Autonomous vehicles (AVs) are in the news a lot lately. From Tesla’s Autopilot to Uber’s driverless cars, we’re really starting to see an upswing in the credibility of this tech. I can see how this technology would greatly benefit the trucking industry—if not necessarily truckers. And, I can definitely get behind Uber’s use of the tech, as well. My only (and horrible) Uber ride in Birmingham convinced me never to use Uber in Birmingham again. Plus, some Uber drivers like to talk and I’m just not into that level of human interaction sometimes. If I wanted that in my life, I’d take more trips to the hair salon. So, from a business/commercial standpoint—aside from a decrease in jobs—AVs are a pretty smart investment.

In the consumer market, however, will AVs be beneficial? Probably. Will they be wanted? That’s seriously up for debate. Will they be needed? I imagine sometime in the future, the answer to that will be yes.

 

Benefits of Autonomous Consumer Vehicles

It seems likely that AVs will provide pretty significant benefits for consumers. No human error means—on paper, at least—fewer accidents. And, with all the incredible road rage stories in the news lately (my cure for road rage is Tenacious D and The Lonely Island, personally) taking humans out of the driver’s seat may reduce violence. Of course, increased fuel economy and reduced emissions make AVs friendly to both wallet and earth.

 

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That’s why you don’t cut off a cosplayer in traffic, Dave!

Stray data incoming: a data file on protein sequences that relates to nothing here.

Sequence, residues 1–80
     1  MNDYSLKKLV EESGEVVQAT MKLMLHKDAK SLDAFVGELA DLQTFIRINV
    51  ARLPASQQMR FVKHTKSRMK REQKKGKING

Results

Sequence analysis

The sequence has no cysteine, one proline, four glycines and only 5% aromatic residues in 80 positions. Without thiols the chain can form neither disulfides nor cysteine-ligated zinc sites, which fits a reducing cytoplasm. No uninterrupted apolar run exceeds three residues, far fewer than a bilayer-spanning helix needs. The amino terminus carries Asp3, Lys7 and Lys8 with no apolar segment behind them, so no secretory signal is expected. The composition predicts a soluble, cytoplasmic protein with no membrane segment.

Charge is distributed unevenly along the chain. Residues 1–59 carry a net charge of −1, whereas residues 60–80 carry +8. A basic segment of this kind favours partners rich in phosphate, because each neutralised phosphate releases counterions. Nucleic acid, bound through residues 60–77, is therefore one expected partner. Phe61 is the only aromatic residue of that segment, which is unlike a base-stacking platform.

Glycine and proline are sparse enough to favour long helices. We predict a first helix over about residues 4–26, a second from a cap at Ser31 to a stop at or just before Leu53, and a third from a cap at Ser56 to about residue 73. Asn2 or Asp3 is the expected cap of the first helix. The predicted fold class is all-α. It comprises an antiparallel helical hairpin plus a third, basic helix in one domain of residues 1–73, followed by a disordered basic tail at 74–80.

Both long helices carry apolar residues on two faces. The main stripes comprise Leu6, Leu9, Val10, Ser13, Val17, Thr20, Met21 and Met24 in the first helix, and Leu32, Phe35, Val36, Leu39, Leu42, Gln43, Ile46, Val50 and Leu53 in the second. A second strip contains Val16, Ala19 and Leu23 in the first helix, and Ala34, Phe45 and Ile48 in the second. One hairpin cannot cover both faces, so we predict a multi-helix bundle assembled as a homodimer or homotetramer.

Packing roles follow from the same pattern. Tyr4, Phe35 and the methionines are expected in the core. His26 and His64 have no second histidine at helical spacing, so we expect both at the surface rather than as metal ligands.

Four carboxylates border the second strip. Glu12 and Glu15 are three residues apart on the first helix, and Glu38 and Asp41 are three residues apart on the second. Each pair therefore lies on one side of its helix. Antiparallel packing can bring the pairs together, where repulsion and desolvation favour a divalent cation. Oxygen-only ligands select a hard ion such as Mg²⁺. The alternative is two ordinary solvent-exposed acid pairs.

You should realize by now that I always look for the health benefits in tech and, likewise, I see a big one in AVs: stress reduction. AVs—once perfected—have the ability to reduce the stresses that come with driving. The aforementioned road rage, for instance. Commuters will no longer have to worry about navigating traffic. Even better, they won’t have to worry about navigating areas they don’t know well. We know from numerous studies that stress is a factor in weight gain, depression, anxiety, poor sleep, high blood pressure, and other negative health issues.

AVs will also give you back your commute time. Instead of spending your commute driving, you can safely handle those emergency work situations, get in last minute studying for a final exam or, hell, even meditate if you want. Feeling less pressed for time is another stress alleviator.

 

One of the Biggest Concerns

For some people, driving isn’t stressful. In fact, it’s fun and freeing. It’s a hobby done in spare time to help relax during beautiful summer days. For some people, AVs are the enemy. This article in The Guardian points out that new automobile tech often rouses unhappiness—the airbag, anti-lock brakes, power steering, automatic transmissions, etc.—with the main complaint being that all the fun of driving will be taken away. Sometimes, that’s true. Driving a manual is much more fun and rewarding than driving an automatic. Driving an automatic, however, is much more practical.

 

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There’s really no point in buying it if you’re not going to drive it.

 

We’re a long way from AVs taking over, but it seems inevitable that AVs will dominate sometime down the road. We’re in the introduction and perfecting time of the tech right now. After that, it’ll be consumer’s choice. Eventually, it’ll become a government mandated thing. I think that’s the big fear. AVs are very cool, very impressive, but like anything else, it’s only cool because it’s offered. It’s cool because we can choose to partake in this tech, or we can choose to drive ourselves. Once that choice is taken away, AVs become much less impressive. Of course, by the time citizens are forced to give up the skill that is driving, driving lovers will probably be long dead.

Happy Friday!

 

 


 

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